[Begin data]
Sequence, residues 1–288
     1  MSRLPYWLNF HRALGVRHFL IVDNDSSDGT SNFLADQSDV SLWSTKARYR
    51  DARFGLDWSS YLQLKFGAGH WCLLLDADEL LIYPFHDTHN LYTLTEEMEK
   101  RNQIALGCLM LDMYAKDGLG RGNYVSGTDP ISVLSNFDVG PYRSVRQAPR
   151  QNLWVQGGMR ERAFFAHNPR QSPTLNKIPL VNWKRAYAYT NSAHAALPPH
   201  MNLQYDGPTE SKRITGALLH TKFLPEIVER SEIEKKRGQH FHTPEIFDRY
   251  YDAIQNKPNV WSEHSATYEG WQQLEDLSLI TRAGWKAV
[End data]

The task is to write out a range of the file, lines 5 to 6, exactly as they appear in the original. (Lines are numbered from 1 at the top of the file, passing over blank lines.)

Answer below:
   151  QNLWVQGGMR ERAFFAHNPR QSPTLNKIPL VNWKRAYAYT NSAHAALPPH
   201  MNLQYDGPTE SKRITGALLH TKFLPEIVER SEIEKKRGQH FHTPEIFDRY